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Meeting the Enemy in World War I Poetry: Cognitive Dissonance as a Vehicle for Theme

English Department, United States Naval Academy, Annapolis, MD 21402, USA
Humanities 2019, 8(1), 30; https://doi.org/10.3390/h8010030
Received: 28 January 2019 / Revised: 12 February 2019 / Accepted: 13 February 2019 / Published: 19 February 2019
(This article belongs to the Special Issue War and Literature: Commiserating with the Enemy)

Abstract

Some World War I poems show an enemy soldier up close. This choice usually proves very effective for expressing the general irony of war, to be sure. However, I submit that showing interaction with the enemy also allows the speaker space to wrestle with internal conflict, guilt, or cognitive dissonance, and that it allows—or even forces—readers to participate in that struggle along with the speaker. While the poets’ writings no doubt had therapeutic effects for the poets themselves, I focus more on the literary effects, specifically arguing that the poems are powerful to us readers since they heighten the personal exposure of the poets’ psyches and since they make us share the dissonance as readers. I consider poems by Siegfried Sassoon, Wilfred Owen, Robert Graves, Ford Madox Ford, Herbert Read, and Robert Service.
Keywords: World War I; war poetry; cognitive dissonance; enemies; encounters; Siegfried Sassoon; Wilfred Owen; Robert Graves; Ford Madox Ford; Herbert Read; Robert Service World War I; war poetry; cognitive dissonance; enemies; encounters; Siegfried Sassoon; Wilfred Owen; Robert Graves; Ford Madox Ford; Herbert Read; Robert Service
The canon of Great War English-language poetry, taken as a whole, is often said to reflect the absurdity and horror and all-encompassing haunting nature of war, and a rather salient theme is the common humanity and victimhood of those on both sides. Certainly there are some poems that speak nationalistically or otherwise derogatorily towards the German aggressors (Kipling 1914, “For All We Have and Are”; 1918, “Justice”; Hardy 1915, “The Pity of It”). But these poems typically refer to the enemy at a rather abstract level. Overall the role of the enemy in World War I poetry—especially by the poets who directly participated in combat—seems to be that of co-victim of a grander evil that afflicts both sides.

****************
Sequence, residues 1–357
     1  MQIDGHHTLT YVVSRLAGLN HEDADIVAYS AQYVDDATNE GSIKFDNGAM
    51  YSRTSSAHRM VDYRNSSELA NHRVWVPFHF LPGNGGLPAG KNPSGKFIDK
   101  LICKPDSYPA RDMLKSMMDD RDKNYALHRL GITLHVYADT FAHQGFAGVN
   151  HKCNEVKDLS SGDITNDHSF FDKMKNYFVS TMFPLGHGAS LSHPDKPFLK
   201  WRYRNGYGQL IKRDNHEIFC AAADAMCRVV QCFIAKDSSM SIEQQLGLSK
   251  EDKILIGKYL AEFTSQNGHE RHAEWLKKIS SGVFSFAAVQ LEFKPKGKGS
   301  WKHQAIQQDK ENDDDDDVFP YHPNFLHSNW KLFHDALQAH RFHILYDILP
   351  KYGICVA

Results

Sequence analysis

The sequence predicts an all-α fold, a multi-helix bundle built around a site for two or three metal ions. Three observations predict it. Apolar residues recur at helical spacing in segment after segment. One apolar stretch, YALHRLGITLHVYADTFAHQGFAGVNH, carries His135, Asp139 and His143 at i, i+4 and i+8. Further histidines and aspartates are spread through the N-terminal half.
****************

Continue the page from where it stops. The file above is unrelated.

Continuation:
In some poems the poets have chosen to show an enemy soldier up close. This choice proves to be particularly effective for expressing the general irony of war, to be sure. But I submit that this approach also allows the speaker space to wrestle with internal conflict, guilt, or cognitive dissonance. Furthermore, the heightened personal exposure—the rawness or vulnerability or authenticity—of the poets’ psyches is likely what gives the poems their power, since it demands that the reader participate in the struggle.
The gist of the concept of cognitive dissonance is that when people hold one belief, but find themselves behaving contrarily to that belief, they are in a state of internal discord as to which is true: their belief they said they held, or the behavior they seem to be actually doing. The theory, originally posited by Festinger in the late 1950s (Festinger 1957; Festinger and Carlsmith 1959), suggests that people must come up with some way to resolve the internal dissonance, so they tell themselves either that they did not actually believe so strongly what they had said they believed, or that they did not actually do [much of] what they seemed to be doing, or some other psychological ploy.1,2 Though much has been made of the scientific testability of Festinger’s ideas (See Krause 1972, for example), the essence of Festinger’s original conception is that cognitive dissonance causes psychological discomfort and therefore is “a fundamentally motivational state” (Elliot and Devine 1994). This is the sense with which I am most concerned. I am focusing on the idea of internal discord and its effects—which might include madness if it is not mitigated, or telling a story in a way that eases the internal discomfort, or specifically discussing serious mental illness as a way to assure oneself that one is not so far gone.